In Industry Insights

There is no doubt that the legal sector, as with many other sectors, has recently undergone a period of extensive change and reform, with what might have taken decades to happen taking place over a couple of years.  The effects of those reforms are only just beginning to be seen now, and where many firms have prospered (some of which may have been short-term), others have struggled to cope with management/technology/resource issues.

With a potential recession on the horizon, it is vital that management teams understand the drivers of profitability, and the key tools to unlock cash.

A strategic review is a key first step to understanding your business as it stands now. It highlights what is working well, and key areas for improvement.  A business which does not have the flexibility to change and adapt to current market conditions is unlikely to succeed.  More and more law firms are beginning to undertake strategic reviews in some form in order to unlock cashflow and to develop their business for the long term future.

A strategic review examines all areas of the law firm including:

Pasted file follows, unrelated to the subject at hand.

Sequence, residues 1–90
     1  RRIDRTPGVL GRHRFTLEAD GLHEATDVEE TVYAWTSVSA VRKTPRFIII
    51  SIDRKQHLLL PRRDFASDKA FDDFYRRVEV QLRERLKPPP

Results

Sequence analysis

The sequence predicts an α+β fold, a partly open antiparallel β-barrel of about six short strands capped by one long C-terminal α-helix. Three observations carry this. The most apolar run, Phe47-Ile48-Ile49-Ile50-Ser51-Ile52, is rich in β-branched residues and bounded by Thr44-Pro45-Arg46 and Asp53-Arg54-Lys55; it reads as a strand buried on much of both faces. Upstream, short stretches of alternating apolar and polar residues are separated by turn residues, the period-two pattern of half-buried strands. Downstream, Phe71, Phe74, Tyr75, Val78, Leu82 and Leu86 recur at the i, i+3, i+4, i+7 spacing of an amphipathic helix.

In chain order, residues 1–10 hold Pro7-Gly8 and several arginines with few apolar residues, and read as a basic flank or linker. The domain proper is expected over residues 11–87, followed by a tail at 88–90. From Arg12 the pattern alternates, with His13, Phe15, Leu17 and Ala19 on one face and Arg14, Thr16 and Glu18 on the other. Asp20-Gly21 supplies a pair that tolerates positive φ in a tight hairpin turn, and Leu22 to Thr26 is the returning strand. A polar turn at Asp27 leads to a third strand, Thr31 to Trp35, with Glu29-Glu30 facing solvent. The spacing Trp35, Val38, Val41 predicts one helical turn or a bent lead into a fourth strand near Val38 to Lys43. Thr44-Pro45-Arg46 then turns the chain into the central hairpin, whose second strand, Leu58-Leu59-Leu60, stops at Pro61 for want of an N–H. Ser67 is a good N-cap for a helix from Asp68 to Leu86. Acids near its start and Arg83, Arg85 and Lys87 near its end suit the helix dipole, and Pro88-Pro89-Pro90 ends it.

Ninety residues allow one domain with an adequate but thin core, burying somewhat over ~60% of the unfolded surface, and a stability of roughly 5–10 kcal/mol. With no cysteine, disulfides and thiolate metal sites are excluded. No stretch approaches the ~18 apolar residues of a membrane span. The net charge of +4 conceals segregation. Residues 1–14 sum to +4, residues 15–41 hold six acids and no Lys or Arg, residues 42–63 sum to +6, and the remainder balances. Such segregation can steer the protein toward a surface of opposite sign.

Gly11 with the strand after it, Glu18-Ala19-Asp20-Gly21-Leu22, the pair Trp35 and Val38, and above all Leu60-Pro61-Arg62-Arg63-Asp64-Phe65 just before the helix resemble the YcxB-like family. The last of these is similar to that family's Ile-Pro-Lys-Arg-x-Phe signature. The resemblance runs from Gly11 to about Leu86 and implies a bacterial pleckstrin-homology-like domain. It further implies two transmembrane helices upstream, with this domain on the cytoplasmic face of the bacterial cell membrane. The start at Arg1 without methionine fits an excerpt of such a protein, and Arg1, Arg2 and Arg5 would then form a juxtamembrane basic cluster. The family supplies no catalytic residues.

• Systems and processes
  • Use of technology
  • Use of people
  • Lock-up processes / WIP and debtor management
  • Targets and KPIs
  • Success rates
  • Efficiency, recovery and utilisation rates
  • Income and profitability

A review assesses the current intended procedures and what is happening in practice (often two different things), and then makes detailed suggestions, department by department, on specific improvements that should be made.

Realistic and measurable targets and KPIs are suggested that if met will have a direct correlation to the cashflow, profitability and future viability of the firm.

Communication throughout a review is vital to ensure that staff feel valued and involved.  The process requires their honesty and input.  It is their day-to-day activities and decisions which can have a direct financial impact on the firm.  Without their understanding and involvement, many of the recommendations will not succeed, and suggested targets will not be met.

Speaking in general terms, the above is a process which sounds very simple in practice, but all too often, everyday business life gets in the way of conducting a process such as this internally.

Even the most successful of law firms benefit from a strategic review of some description, as part of a programme of continuous improvement.  The markets in which firms operate are fluid and changing and there is always room for improvement and to learn and develop new ideas and processes.

If you would like to discuss how such a review would benefit your practice, please contact Andy Poole at

Andy Poole is a Legal Sector Corporate Finance and Strategic Partner at Armstrong Watson, specialising exclusively in acting for lawyers. The legal sector team advises law firms throughout the UK on strategic, structural and other business improvement issues as well as providing efficient accounting, tax and SRA accounts rules services.

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